Every day, Wall Street analysts upgrade some stocks, downgrade others, and "initiate coverage" on a few more. But do these analysts even know what they're talking about? Today, we're taking one high-profile Wall Street pick and putting it under the microscope...

It's Monday, and happily for energy investors, oil prices are up again -- nearly $56 for a barrel of WTI crude, according to our friends at OilPrice.com.  

That's good news and bad news for shareholders in oil giant Chevron (CVX -1.74%), however. Good because up is better than down. Bad because even oil's per-barrel price of $55.80 is in fact down -- off 27% from its highs last October.

The topsy-turvy world of oil prices, however, isn't deterring British banker Barclays Capital from recommending Chevron today, initiating shares at overweight with a $145 price target. As the analyst argues, this oil stock is priced to move -- and perhaps growing faster than you think.

Here's what you need to know.

Five dice labeled buy and sell on top of an LCD screen displaying charts and numbers

Image source: Getty Images.

The trouble with cheap oil

As oil prices have tumbled, shares of Chevron competitor ExxonMobil (XOM -2.30%) have slipped 13% over the past year, underperforming the S&P 500, which is still up about 2.5% for the period. Chevron stock, on the other hand, while also underperforming, is at least outperforming Exxon "by 11% over the last year," points out Barclays.

And rightly so, says the banker (which rates Exxon equal weight), because even after outperforming its rival, Chevron remains the better buy.

Why is that?

Chevron and Exxon by the numbers

Costing 15.2 times trailing earnings to Exxon's 16.7, Chevron stock appears by at least one yardstick to offer a better bargain than Exxon. Viewed from another angle, however, Exxon's 5.2% dividend yield seems more attractive than Chevron's (still respectable) 4.1%.

One reason Exxon pays more than Chevron, of course, is that it earmarks more of its income toward dividend checks. Exxon's payout ratio of 80% is a good 20 percentage points higher than Chevron's 60% payout ratio. However, Chevron's lower payout ratio also suggests the company has the ability to grow its dividend more than Exxon can.

Cash is king

And helping with that will be Chevron's unusual ability (for an oil company) to generate greater free cash flow than it reports as net income. In fact, according to Barclays, cash may be the No. 1 reason to prefer Chevron over Exxon.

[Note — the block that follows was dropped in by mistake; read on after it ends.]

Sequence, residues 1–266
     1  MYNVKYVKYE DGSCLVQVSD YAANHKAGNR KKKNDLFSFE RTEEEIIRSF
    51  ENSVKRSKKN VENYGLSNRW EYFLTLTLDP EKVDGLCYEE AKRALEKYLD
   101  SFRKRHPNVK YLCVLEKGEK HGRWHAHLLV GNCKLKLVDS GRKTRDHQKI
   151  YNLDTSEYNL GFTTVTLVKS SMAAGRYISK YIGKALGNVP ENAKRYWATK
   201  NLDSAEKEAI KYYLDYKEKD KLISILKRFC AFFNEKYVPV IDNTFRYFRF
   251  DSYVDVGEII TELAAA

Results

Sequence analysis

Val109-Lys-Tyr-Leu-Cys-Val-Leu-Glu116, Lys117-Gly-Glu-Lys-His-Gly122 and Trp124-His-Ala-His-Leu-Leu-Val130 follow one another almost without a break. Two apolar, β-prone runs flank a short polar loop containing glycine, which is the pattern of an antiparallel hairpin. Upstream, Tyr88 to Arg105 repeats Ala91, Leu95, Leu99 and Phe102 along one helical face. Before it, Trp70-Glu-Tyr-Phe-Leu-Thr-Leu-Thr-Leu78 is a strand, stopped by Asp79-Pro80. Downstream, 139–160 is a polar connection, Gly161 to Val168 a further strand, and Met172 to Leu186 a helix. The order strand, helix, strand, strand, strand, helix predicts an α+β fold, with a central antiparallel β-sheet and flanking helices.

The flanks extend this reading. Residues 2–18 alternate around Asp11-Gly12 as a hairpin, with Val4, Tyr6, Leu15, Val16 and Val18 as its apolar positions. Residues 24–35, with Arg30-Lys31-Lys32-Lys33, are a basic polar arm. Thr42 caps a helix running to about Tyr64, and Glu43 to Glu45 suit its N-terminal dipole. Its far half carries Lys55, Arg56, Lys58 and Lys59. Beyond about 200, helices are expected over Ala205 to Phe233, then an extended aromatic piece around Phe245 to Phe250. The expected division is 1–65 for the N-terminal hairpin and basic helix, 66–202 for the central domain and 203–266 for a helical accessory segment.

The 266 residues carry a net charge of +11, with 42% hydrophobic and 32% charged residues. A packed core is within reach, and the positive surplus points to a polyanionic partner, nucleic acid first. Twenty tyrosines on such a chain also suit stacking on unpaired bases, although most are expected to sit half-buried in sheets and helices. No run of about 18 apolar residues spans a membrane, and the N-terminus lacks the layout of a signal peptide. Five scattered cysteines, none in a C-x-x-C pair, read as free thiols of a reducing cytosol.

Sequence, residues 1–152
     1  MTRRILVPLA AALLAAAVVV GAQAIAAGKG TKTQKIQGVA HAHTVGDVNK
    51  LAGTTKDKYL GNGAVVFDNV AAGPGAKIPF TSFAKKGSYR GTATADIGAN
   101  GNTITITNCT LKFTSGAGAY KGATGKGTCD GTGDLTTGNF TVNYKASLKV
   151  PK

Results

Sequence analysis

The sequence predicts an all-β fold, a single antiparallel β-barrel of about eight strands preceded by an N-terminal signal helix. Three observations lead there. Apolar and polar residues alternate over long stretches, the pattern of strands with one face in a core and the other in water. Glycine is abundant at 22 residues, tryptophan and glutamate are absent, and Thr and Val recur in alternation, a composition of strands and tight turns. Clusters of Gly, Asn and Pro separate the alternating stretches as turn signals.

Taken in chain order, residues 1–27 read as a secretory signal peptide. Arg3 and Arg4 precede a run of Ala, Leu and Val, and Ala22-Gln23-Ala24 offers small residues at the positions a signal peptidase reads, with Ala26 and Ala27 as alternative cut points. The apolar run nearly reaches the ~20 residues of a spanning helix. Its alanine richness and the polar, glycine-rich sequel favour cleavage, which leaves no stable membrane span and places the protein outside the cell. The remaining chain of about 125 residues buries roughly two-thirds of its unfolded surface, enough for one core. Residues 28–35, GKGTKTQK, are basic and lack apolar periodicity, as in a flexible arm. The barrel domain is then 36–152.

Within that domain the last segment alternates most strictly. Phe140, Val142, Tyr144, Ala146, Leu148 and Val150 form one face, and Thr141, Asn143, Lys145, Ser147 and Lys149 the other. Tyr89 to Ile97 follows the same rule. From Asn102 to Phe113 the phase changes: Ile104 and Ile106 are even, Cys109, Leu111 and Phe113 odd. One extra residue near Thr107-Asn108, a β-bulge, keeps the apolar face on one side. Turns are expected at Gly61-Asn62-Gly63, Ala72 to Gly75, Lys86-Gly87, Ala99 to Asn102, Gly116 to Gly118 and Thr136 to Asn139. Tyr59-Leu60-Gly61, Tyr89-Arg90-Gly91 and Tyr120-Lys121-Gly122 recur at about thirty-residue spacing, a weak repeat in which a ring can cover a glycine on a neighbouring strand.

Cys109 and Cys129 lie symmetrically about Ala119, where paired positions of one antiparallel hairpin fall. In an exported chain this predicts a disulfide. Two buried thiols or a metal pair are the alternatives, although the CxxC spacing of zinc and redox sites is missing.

Data from S&P Global Market Intelligence confirms this: Over the past 12 reported months, Chevron's total free cash flow amounts to $18.5 billion -- 25% more cash profit than the $14.7 billion it reported as GAAP net income.

In contrast, Exxon's $11.3 billion in FCF undershoots reported net income of $17.7 billion by 36%. What's more, according to a note today on TheFly.com, Barclays is warning that Exxon's free cash flow will soon turn into a "deficit" as the company continues to spend on capital investment even in a market of falling oil prices. (And this only reinforces my conviction to never buy Exxon.)

Meanwhile, with so much more cash available to deploy than Exxon, Barclays points out that Chevron is spending an average of $4 billion to $5 billion per year on stock buybacks -- smart purchases at a still-depressed stock price, and sufficiently large to reduce Chevron's share count by more than 2% per year.

What that means to investors

As the analyst explains, Chevron is only promising to grow its earnings by about 3% to 4% annually over the next five years. Combined with the 4%-ish dividend yield, that adds up to perhaps an 8% annualized return on the stock for investors.

But here's the thing: When you factor in the growth in earnings from stock concentration (i.e., profit being divided up among fewer and fewer shares), these buybacks effectively add 2% to Chevron's return to investors, making the total return on the stock something closer to 10%.

Is 10% growth fast enough to justify buying Chevron stock, which currently sells for 12 times free cash flow? I actually don't think it is -- Chevron is still not quite cheap enough to buy following the metrics that I use. But it's getting there, and Barclays is exactly right on at least one point:

With $7.2 billion more in annual free cash flow than Exxon, and a market capitalization nearly $70 billion cheaper, Chevron is definitely a better buy than ExxonMobil.